1999 Notable Authors

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Mountain Wolf Woman
Paul Boyer
Nathan Aaseng

Mountain Wolf Woman, 1884-1960

Mountain Wolf Woman’s autobiography Mountain Wolf Woman, Sister of Crashing Thunder: The Autobiography of a Winnebago Indian (1961) was one of the first autobiographies published of a Native American woman. More significantly, it has been continuously in print, becoming a standard text in women’s studies and Native American studies. The genesis of this book is collaborative: Mountain Wolf Woman dictated her life story to anthropologist and niece-by-adoption Nancy Oestrich Lurie, in 195, using both English and Winnebago; a grandniece, Frances Thundercloud Wentz, aided in translation; and Lurie edited the work and added notes for the non-Winnebago reader.

Mountain Wolf Woman was born in 1884, in East Fork River, Wisconsin, to a large Winnebago (Ho-Chunk) family. Her autobiography covers childhood activities such as berry picking, brief years of education, an unhappy arranged first marriage and lengthy second marriage, her role as a mother of eight and grandmother of over thirty, participation in traditional tribal activities and religious beliefs. She lived in various locations in Wisconsin, Nebraska and South Dakota, spending much of her life in the Black River Falls area, dying there on November 9, 1960.

This autobiography is the story of a real woman whose eventful life covered the age of horses to the age of airplanes. It is the story of a culture in transition, but is also the story of one unique, confident, outgoing woman valuing her people’s traditions and adapting to change as needed. Individuals may also want to read Crashing Thunder (1920), her brother’s autobiography, for a different perspective or to see Jocelyn Riley’s 1990 video Mountain Wolf Woman, 1884-1960, which includes still photos and Mountain Wolf Woman’s words spoken by her granddaughter, Naomi Russell.

Paul Boyer, 1935-

Paul Boyer is a distinguished historian at the University of Wisconsin-Madison. He was born in Dayton, Ohio, and earned his B.A., M.A., and Ph.D. from Harvard University. He taught at the University of Massachusetts-Amherst before coming to the Madison campus in 1980. He is now Merle Curti (WLA Notable Author, 1975) Professor of History and the director of the Institute for Research in the Humanities. His writings in American history reflect research into a variety of different cultural movements and aspects of American life.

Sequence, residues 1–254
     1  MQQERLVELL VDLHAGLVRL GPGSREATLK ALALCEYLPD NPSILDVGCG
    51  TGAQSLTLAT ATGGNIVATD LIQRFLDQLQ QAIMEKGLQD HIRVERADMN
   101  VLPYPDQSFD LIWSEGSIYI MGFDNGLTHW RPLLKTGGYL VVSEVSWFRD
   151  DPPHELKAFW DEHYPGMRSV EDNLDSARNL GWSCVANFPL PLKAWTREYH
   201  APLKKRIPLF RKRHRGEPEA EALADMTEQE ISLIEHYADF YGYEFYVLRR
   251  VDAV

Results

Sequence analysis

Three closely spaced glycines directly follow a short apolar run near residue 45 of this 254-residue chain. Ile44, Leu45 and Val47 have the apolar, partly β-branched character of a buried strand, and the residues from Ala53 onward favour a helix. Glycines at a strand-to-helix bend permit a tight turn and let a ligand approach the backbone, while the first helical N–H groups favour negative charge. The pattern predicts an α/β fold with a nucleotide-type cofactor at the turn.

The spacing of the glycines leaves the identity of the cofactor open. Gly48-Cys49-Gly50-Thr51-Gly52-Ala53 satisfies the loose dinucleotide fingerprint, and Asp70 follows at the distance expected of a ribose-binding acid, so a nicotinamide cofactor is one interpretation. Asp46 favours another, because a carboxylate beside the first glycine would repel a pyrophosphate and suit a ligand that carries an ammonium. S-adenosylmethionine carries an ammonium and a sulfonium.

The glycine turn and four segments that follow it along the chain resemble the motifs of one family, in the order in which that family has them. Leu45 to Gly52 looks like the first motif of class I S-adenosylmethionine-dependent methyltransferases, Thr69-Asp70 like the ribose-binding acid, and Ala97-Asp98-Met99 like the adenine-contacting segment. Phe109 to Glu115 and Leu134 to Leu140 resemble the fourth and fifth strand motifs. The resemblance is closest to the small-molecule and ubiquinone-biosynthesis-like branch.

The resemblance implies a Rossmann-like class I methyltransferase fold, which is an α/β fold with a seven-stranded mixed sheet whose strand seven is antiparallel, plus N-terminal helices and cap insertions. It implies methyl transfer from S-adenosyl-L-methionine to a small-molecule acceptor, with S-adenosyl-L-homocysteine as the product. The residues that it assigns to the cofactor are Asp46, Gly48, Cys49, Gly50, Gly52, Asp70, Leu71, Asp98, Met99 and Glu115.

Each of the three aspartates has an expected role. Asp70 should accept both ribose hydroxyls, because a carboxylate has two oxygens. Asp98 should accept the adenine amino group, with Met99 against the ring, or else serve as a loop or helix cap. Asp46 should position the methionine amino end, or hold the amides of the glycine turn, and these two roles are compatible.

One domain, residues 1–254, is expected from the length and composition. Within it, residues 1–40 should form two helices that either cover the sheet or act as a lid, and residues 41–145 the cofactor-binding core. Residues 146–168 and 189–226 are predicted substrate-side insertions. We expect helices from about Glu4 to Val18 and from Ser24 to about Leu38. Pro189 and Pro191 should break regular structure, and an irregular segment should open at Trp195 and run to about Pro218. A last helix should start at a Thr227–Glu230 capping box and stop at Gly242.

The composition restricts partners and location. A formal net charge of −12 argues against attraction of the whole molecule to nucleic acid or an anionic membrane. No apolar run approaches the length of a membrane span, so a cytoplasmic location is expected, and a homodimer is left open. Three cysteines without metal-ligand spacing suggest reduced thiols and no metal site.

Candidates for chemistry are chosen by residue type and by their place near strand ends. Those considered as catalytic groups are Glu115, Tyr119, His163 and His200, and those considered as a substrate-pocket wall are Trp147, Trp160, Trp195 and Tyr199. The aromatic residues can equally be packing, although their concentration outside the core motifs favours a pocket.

Boyer’s Salem Possessed: The Social Origins of Witchcraft presented new information and new theories on the development of witchcraft in Massachusetts. He showed how the friction of social and economic rivalries might have been at the cause of the Salem witch hunt.

His book, When Time Shall Be No More: Prophecy Belief in Modern American Culture, examines the role of apocalypticism in American life and thought with special emphasis on why it has come to play a major role in public opinion and, eventually, public policy. Boyer won the Banta Award from the Wisconsin Library Association for this work.

Most recently, his book, Fallout: A Historian Reflects on America’s Half-Century Encounter With Nuclear Weapons, is a cummulation of essays in which Boyer discusses the powerful and wide-ranging impact that the nuclear bomb has had on American thought and life since Hiroshima.

Professor Boyer is now editor-in-chief of the Oxford Companion to American History. He cites the supportive and cultural environment of Madison for help in his career as a writer and historian.